Jin Sook Shinde
South Korean artist known for her experimentations with traditional artforms, Jin Sook Shinde’s work combines tradition and contemporaneity to explore natural forms as well as Indian architecture and landscape.
Born in South Korea, Shinde graduated with a Bachelor’s in Fine Arts from the Hong IK College of Art, Seoul, in 1976 and went on to study printmaking at Atelier 17, Paris (1980–83), where she was mentored by English printmaker Stanley Hayter. While in Paris, she met Vilas Shinde, whom she later married and with whom she moved to India in 1983. She also worked at the Glasgow Print Studio in 2000.
Early in her career, Shinde aimed to devise her own style that was removed from traditional Chinese painting as well as Western modes of art, depicting nature and landscapes with simple lines and contours and the economical use of light and colour. She also focused on formal repetition in her works, adapted from traditional crafts such as weaving. Her works are further marked by the use of natural pigments applied with spontaneous brushstrokes and finely cut, painted strips of paper which are arranged and pressed on acrylic surfaces to communicate shifting depths and textures. In her later practice, she experimented with pasting the paper strips such that they stand on their sides, to explore the effects of light, shadow and colour.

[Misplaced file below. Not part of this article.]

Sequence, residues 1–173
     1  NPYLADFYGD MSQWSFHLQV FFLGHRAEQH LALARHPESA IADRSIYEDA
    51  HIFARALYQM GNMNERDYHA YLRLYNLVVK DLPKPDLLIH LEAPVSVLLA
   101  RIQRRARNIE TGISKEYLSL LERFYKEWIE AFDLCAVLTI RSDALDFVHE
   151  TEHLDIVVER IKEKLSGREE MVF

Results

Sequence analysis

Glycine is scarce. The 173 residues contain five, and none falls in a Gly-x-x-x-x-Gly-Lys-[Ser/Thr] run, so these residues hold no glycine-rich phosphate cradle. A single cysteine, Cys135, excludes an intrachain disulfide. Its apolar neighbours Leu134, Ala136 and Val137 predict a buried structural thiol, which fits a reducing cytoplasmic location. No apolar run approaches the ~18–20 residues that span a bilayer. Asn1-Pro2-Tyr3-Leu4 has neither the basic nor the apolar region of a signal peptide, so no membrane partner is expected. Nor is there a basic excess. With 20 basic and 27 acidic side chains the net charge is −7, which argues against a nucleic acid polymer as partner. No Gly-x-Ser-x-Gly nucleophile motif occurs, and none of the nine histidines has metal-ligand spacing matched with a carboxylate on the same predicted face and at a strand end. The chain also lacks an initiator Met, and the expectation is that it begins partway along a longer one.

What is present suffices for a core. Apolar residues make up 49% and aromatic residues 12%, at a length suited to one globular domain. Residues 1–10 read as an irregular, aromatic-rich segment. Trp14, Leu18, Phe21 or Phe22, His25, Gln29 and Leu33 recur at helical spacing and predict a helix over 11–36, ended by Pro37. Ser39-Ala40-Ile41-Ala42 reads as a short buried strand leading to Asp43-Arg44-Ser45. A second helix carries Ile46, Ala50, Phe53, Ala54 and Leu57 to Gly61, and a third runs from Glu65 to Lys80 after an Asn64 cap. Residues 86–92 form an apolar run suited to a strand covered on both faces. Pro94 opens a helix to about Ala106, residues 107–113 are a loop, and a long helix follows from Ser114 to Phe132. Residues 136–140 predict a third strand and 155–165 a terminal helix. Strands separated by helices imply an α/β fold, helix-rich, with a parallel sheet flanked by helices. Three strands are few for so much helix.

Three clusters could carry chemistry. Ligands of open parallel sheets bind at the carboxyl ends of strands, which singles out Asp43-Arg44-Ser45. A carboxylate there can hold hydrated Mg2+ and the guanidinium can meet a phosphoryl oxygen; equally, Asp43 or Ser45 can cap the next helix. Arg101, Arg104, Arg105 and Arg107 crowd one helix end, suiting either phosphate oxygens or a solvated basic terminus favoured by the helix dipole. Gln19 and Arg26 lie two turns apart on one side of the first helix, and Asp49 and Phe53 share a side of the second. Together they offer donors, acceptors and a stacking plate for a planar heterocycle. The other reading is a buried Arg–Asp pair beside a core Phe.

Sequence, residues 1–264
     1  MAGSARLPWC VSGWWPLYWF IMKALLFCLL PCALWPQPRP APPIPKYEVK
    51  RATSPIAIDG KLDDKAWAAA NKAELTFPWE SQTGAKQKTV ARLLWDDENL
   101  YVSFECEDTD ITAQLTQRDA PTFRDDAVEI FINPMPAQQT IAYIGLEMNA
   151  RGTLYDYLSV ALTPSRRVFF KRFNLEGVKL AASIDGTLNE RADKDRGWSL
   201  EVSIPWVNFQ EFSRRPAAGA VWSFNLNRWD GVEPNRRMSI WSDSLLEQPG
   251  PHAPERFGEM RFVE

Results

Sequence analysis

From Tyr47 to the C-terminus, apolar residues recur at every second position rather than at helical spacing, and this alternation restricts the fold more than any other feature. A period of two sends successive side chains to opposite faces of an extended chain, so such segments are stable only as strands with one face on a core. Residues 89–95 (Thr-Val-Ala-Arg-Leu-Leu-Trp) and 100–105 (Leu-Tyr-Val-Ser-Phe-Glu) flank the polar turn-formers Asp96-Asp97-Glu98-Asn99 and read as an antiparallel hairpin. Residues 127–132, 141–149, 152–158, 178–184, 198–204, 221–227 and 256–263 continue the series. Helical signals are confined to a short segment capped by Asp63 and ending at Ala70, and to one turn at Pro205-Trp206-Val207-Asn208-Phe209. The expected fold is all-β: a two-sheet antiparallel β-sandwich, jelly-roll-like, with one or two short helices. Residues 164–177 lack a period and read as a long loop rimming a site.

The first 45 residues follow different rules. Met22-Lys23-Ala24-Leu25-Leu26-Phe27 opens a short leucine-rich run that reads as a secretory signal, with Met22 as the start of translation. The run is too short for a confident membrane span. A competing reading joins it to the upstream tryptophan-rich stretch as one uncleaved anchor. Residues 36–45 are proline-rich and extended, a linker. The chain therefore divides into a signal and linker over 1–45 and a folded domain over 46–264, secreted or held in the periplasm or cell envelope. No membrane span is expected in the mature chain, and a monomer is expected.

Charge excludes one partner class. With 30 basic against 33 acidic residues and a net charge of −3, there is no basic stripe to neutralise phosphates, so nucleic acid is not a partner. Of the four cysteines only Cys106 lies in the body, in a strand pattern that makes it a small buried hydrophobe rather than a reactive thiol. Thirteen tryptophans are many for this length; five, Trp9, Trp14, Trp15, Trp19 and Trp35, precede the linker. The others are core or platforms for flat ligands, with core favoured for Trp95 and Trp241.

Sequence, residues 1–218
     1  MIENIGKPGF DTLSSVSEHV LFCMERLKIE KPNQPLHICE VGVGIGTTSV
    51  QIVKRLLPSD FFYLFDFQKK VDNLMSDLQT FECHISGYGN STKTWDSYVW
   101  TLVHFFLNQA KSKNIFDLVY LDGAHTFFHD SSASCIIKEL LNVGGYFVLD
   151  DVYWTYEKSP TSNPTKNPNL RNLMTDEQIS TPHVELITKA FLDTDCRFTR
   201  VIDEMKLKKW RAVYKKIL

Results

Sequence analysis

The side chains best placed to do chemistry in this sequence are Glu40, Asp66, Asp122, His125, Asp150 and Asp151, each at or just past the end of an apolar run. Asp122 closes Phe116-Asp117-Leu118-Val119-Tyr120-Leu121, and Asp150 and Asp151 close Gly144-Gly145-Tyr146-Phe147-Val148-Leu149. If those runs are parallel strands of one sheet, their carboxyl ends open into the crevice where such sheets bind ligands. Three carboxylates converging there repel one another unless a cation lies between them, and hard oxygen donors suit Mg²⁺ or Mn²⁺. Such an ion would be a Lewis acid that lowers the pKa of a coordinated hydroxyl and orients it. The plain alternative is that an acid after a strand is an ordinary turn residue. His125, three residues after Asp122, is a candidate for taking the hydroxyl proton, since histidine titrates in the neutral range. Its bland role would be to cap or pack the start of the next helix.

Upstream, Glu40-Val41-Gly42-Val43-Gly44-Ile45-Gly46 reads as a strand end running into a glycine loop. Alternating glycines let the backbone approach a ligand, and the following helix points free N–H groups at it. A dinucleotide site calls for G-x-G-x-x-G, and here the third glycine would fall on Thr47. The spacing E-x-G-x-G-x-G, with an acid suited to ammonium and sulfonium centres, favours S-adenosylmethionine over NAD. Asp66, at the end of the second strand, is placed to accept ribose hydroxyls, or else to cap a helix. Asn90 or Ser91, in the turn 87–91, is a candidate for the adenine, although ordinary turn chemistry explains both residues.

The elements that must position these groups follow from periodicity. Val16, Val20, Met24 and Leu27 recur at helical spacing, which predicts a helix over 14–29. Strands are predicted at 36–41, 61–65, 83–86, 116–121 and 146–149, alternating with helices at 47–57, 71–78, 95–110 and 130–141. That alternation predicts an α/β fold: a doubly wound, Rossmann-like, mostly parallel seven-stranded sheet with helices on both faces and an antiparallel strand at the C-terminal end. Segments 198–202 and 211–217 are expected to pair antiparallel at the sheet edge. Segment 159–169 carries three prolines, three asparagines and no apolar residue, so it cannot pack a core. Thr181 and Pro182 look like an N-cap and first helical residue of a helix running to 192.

Her works have been shown in numerous exhibitions, including the Gallery Chemould, Mumbai (1999); Sakshi Gallery, Mumbai (2000); the India International Centre, New Delhi (2013); and the Tao Art Gallery, Mumbai (2018). Shinde was also part of the committee for the Lalit Kala Akademi’s Print Biennale (2020). She received the Bombay Art Society Award in 1984 and the DG Nadkarni Art Critic Award in 1986.
At the time of writing, she lives and works in Mumbai.
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